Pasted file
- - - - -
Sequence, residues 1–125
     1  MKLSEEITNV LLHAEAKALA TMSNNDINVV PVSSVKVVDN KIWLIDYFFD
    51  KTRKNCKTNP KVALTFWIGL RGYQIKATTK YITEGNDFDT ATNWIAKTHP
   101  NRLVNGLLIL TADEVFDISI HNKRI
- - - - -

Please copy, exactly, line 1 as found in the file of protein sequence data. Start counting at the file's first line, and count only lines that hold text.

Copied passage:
Sequence, residues 1–125